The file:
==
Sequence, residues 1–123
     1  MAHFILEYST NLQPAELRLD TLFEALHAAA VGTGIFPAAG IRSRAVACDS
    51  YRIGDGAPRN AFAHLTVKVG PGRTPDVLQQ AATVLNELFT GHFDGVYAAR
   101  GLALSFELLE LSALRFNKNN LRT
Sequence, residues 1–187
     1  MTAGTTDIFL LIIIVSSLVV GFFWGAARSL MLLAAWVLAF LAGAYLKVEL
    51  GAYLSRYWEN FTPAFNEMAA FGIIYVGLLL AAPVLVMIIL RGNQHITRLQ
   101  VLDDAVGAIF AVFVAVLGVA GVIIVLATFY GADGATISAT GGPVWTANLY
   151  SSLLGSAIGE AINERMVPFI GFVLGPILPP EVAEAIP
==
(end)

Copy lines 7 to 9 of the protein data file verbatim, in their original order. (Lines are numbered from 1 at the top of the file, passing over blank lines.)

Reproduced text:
    51  GAYLSRYWEN FTPAFNEMAA FGIIYVGLLL AAPVLVMIIL RGNQHITRLQ
   101  VLDDAVGAIF AVFVAVLGVA GVIIVLATFY GADGATISAT GGPVWTANLY
   151  SSLLGSAIGE AINERMVPFI GFVLGPILPP EVAEAIP